FY2008 and FY2009, and 2.4% in FY2010).
Congressional Research Service
12
Earmarks Disclosed by Congress: FY2008-FY2010 Regular Appropriations Bills
Table 5. FY2008-FY2010 Earmarks Disclosed by Congress: Number, Dollar Value,
and Percentage of Total and Non-Mandatory Appropriations, by Appropriations Bill
Total appropriation in bill
Earmarks
Bill and year
Number
$ million
$ million
% earmarks
Non-mandatory appropriation
$ million
%
earmarks
Energy-Water
FY2008
2,427
6,595
31,466a
21.0%b
31,466a
21.0%b
FY2009
2,403
5,940
33,795
17.6%
33,795
17.6%
FY2010
2,293
5,728
33,978
16.9%
33,978
16.9%
FY2008
573
10,044
108,391
9.3%
63,904
15.7%
FY2009
578
12,213
119,608
10.2%
72,865
16.8%
FY2010
745
14,525
182,750
7.9%
126,182
11.5%
FY2008
234
1,001
43,281
2.3%
20,599
4.9%
FY2009
279
1,153
44,582
2.6%
22,697
5.1%
FY2010
291
1,109
46,265
2.4%
25,696
4.3%
FY2008
2,149
2,954
103,579
2.9%
103,579c
2.9%
FY2009
1,879
3,084
109,063
2.8%
109,063c
2.8%
FY2010
1,576
3,071
122,143
2.5%
122,143
2.5%
FY2008
651
625
26,891a
2.3%b
26,831a,c
2.3%b
FY2009
562
554
27,591
2.0%
27,579
2.0%
FY2010
733
710
32,295
2.2%
32,240
2.2%
FY2008
623
402
91,028a
0.4%b
19,527a
2.1%b
FY2009
521
380
107,682d
0.4%
21,053d
1.8%
FY2010
462
355
121,230
0.3%
23,401
1.5%
FY2008
1,728
823
53,735
1.5%
53,507c
1.5%
FY2009
1,545
758
59,845e
1.3%
59,624c,e
1.3%
FY2010
1,513
781
68,174
1.1%
67,952c
1.1%
FY2008
131
424
38,747
1.1%
37,562
1.1%
FY2009
149
738
41,225
1.8%
39,989
1.8%
FY2010
192
420
44,137
1.0%
42,776
1.0%
Military Construction-VA
Financial Services
Transportation-HUD
Interior-Environment
Agriculture
Commerce-Justice-Science
Homeland Security
Congressional Research Service
13
Earmarks Disclosed by Congress: FY2008-FY2010 Regular Appropriations Bills
Total appropriation in bill
Earmarks
Bill and year
Number
$ million
$ million
% earmarks
Non-mandatory appropriation
$ million
%
earmarks
Defensef
FY2008
2,049
4,982
459,594
1.1%
459,332
1.1%
FY2009
2,025
4,866
488,016
1.0%
487,737
1.0%
FY2010
1,719
4,197
636,665
0.7%
636,374
0.7%
FY2008
2,241
1,027
603,917a
0.2%b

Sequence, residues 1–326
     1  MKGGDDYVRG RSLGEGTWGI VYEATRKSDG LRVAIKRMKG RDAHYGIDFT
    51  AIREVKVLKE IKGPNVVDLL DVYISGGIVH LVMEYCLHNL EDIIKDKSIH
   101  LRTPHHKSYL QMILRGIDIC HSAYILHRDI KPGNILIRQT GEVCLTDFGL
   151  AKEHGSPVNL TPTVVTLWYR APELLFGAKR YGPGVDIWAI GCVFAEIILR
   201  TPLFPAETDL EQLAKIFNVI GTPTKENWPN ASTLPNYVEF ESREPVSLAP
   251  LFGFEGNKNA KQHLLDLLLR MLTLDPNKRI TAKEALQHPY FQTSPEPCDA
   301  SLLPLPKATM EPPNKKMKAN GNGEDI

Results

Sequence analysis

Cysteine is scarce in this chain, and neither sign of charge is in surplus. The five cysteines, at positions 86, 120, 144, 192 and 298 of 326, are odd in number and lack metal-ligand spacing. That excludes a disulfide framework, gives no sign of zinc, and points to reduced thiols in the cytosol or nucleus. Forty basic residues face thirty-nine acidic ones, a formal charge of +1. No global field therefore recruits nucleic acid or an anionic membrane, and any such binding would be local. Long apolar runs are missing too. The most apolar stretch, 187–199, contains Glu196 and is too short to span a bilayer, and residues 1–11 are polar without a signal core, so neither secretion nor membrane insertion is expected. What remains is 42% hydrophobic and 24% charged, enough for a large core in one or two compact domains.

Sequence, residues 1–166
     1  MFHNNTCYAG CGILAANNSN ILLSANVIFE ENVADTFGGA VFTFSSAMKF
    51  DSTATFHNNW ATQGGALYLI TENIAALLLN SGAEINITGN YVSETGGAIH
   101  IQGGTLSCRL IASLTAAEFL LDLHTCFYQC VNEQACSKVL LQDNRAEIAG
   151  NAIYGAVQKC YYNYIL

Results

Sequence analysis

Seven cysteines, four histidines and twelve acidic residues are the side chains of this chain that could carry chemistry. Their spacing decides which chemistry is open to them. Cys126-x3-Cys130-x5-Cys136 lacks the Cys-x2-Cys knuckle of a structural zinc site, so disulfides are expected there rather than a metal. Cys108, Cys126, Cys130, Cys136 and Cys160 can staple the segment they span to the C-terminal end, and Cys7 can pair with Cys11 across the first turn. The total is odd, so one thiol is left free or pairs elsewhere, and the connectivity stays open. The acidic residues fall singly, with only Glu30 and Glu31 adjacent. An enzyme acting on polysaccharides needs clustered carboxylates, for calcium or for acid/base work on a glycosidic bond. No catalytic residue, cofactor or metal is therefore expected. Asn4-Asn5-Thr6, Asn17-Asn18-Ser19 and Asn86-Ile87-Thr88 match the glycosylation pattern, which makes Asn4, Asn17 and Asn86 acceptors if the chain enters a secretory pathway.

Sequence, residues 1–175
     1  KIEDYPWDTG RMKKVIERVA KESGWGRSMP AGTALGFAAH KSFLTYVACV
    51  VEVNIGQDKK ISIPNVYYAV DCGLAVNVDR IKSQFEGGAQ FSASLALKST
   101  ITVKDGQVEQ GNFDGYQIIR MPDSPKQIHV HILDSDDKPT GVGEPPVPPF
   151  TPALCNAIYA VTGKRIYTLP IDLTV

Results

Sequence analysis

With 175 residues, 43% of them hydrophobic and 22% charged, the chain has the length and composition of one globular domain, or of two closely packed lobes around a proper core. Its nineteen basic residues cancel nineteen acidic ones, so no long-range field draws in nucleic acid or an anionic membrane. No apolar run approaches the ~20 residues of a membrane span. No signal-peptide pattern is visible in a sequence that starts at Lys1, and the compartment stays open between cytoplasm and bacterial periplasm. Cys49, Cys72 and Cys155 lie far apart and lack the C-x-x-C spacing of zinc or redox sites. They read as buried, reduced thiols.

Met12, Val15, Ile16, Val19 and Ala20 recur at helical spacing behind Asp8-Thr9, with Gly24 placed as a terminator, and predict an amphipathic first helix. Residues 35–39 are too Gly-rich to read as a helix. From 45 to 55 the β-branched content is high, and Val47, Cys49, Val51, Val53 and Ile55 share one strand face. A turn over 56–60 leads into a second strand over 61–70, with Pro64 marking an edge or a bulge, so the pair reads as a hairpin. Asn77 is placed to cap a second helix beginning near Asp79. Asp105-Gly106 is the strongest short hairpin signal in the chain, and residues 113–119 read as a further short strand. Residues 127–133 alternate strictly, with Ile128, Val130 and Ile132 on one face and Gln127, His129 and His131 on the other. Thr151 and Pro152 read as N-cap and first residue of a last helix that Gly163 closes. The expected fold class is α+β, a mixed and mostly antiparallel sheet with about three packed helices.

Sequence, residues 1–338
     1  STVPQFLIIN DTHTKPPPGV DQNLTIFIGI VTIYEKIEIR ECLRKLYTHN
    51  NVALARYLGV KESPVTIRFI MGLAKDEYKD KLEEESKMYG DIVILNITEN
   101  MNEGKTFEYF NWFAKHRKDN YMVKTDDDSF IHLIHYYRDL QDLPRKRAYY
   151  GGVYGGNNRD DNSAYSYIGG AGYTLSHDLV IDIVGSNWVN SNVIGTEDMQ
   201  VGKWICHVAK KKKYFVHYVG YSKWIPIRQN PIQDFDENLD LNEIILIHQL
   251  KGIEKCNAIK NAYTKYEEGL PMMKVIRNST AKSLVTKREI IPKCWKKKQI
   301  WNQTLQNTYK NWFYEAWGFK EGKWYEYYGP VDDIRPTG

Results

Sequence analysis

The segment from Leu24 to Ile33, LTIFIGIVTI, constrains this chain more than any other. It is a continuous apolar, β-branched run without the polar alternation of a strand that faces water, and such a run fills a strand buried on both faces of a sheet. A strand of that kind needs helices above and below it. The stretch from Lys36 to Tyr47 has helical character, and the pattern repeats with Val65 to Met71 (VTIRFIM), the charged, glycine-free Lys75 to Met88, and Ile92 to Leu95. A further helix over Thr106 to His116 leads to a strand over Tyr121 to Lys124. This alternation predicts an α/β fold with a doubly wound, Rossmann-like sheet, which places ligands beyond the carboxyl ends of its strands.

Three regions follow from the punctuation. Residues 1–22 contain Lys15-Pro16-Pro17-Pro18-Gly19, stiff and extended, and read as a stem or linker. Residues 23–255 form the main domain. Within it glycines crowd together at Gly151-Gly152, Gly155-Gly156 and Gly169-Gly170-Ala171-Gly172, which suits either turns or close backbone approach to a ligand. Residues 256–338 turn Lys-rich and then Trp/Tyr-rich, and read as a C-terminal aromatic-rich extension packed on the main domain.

148,652a
0.7%b
FY2009
2,155
973
633,367g
0.2%
154,977g
0.6%
FY2010
1,795
1,057
748,724h
0.1%
165,845h
0.6%
Labor-HHS-Education
Legislative Branch
FY2008
4
0.40
3,970a
0.010%b
3,970a
0.010%b
FY2009
3
0.38
4,402
0.009%
4,402
0.009%
FY2010
1
0.20
4,656
0.004%
4,656
0.004%
FY2008
0
0
35,343a
0%
35,184a
0%
FY2009
0
0
36,777i
0%
36,620i
0%
FY2010
0
0
48,923
0%
48,764
0%
FY2008
12,810
28,878
1,599,941
1.8%
1,004,111
2.9%
FY2009
12,099
30,661
1,705,953
1.8%
1,070,401
2.9%
FY2010
11,320
31,954
2,089,941
1.5%
1,330,006
2.4%
State-Foreign Operations
Total
Source: CRS, compiled from appropriations totals in detailed funding tables and statements of “Disclosure of
Earmarks and Congressionally Directed Spending Items” for FY2008 (P.L. 110-116, P.L. 110-161), FY2009 (P.L.
110-329, P.L. 111-8), and FY2010 (P.L. 111-68, P.L. 111-80, P.L. 111-83, P.L. 111-85, P.L. 111-88, P.L. 111-117,
and P.L. 111-118).
Notes: Appropriations bills are ordered by the FY2010 earmark value as a percentage of non-mandatory
appropriations.
a.
This figure reflects an across-the-board reduction as detailed in P.L. 110-161. The percentage of the
reduction varies for different bills, but ranges from 0.25% for Legislative Branch to 0.7% for Agriculture,
0.81% for State-Foreign Operations, 1.6% and 0.91% for Energy-Water, 1.56% for Interior-Environment, and
1.747% for Labor-HHS-Education.
b.
The dollar value of earmarks in the disclosure list without the across-the-board reduction is compared to
the total appropriation and non-mandatory appropriation with the across-the-board reduction. However,
this inconsistency does not appear to materially affect the percentages reported because the sizes of both